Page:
Usability Engineering in Agile Software Development Processes

Usability Engineering in Agile Software Development Processes

Muhammad Aminu Umar (Ahmadu Bello University Zaria, Nigeria), Sheidu Salami Tenuche (Ahmadu Bello University Zaria, Nigeria), Sahabi Ali Yusuf (Ahmadu Bello University Zaria, Nigeria), Aminu Onimisi Abdulsalami (Ahmadu Bello University Zaria, Nigeria) and Aliyu Muhammad Kufena (Ahmadu Bello University Zaria, Nigeria)
Copyright: © 2016 |Pages: 14
DOI: 10.4018/978-1-4666-9858-1.ch011
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As the popularity and acceptance of agile software development methodologies increases, the need to integrate usability engineering in the design and development processes is imperative. While, agile the focus is on technical and functional requirements not on end-user interaction, usability is usually only dealt with on the side. Combining this two in practice will go a long way in development of better product. Since the success and acceptance of software product depends not only on the technologies used but how well it integrates user-oriented methods. Therefore, this chapter puts together works on how usability engineering has been integrated with agile processes.
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Software plays a significant role in the lives of individuals and companies. Software engineering has been the major driving force for the conceptualization, design and development of software products. Several models for streamlining the development process have evolved and promoted over the years from the traditional waterfall model to more iterative and incremental development processes and recently to agile development methodology.

Agile software development process often refers to as “Agile” like any other process targets at final product from requirement engineering. This process has been promoted by software developers particularly the practitioners in the industry (Bhalerao, Puntambekar, & Ingle, 2009). Agile methods were established to develop systems more quickly by spending the shortest possible time on analysis and design (Sohaib & Khan, 2010). More importantly agile methods are iterative, which mainly focus on teamwork, collaboration between customers and developer, while constant/frequent feedback from customers throughout the lifecycle of the software project and support early product delivery (Koskela, 2003).

Therefore, it will right to say that agile methodologies focuses more on the technical aspect of the development of the software product which did not focus on the system non-functional aspects such as usability. As more organizations adopt agile development practices, usability practitioners want to ensure that the resulting products are still design with users in mind (Sy, 2007). In Agilepractice, customer is considered as a business agent who understands the business value of end-user requirements.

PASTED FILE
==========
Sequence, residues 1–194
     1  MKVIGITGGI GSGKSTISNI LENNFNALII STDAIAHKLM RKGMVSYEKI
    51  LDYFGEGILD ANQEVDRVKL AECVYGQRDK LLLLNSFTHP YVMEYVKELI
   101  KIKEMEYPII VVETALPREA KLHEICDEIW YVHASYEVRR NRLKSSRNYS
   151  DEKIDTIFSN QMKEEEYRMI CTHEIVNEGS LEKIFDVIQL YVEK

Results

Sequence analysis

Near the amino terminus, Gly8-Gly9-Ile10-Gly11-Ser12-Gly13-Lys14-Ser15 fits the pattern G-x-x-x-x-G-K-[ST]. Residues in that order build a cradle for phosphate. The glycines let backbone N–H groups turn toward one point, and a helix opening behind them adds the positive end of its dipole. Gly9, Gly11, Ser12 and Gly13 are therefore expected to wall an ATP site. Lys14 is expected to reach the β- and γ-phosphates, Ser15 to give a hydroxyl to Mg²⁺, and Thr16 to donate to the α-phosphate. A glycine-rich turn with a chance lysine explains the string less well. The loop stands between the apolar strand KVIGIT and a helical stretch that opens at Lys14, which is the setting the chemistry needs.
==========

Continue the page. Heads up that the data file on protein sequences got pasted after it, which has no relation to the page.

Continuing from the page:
Usability engineering is a science that studies how to understand and systematically address the usability demand of a customer (Lee & McCrickard, 2007). Usability engineering processes are important in that they focus on developing systems that are tailored for end users (Lee & McCrickard, 2007). On the other hand, software usability is defined as the capability of the software product to be understood, learned, operated, attractive to the user, and compliant to standards/guidelines, when used under specific conditions (“Software product evaluation—quality characteristics and guidelines for the user,” 2001). Usability is considered as one of the most important quality factors in the design and development of an interactive software application (Fernandez, Insfran, & Abrahao, 2011). Hence, its processes focus on developing systems that are adapted for end-users (Sohaib & Khan, 2010).

Therefore, it’s not enough to have a system with sound technical and functional output but a system that is design and develop with the end-user in mind (i.e. user-centered design concepts). Even though, it is reported that the use of agile methods can result in improved usability (McInerney & Maurer, 2005). This is due to the fact that the customer is involved throughout the development process. It should be noted however, that agile development processes involve a customer as a business representative who is responsible to specify the business value of user requirements, but this customer needs not necessarily tobe a real end-user (Hussain et al., 2008).

Consequently, this chapter discusses the place of usability engineering in the agile development processes put together from existing literatures on integrating agile methods and user-centered design approaches.

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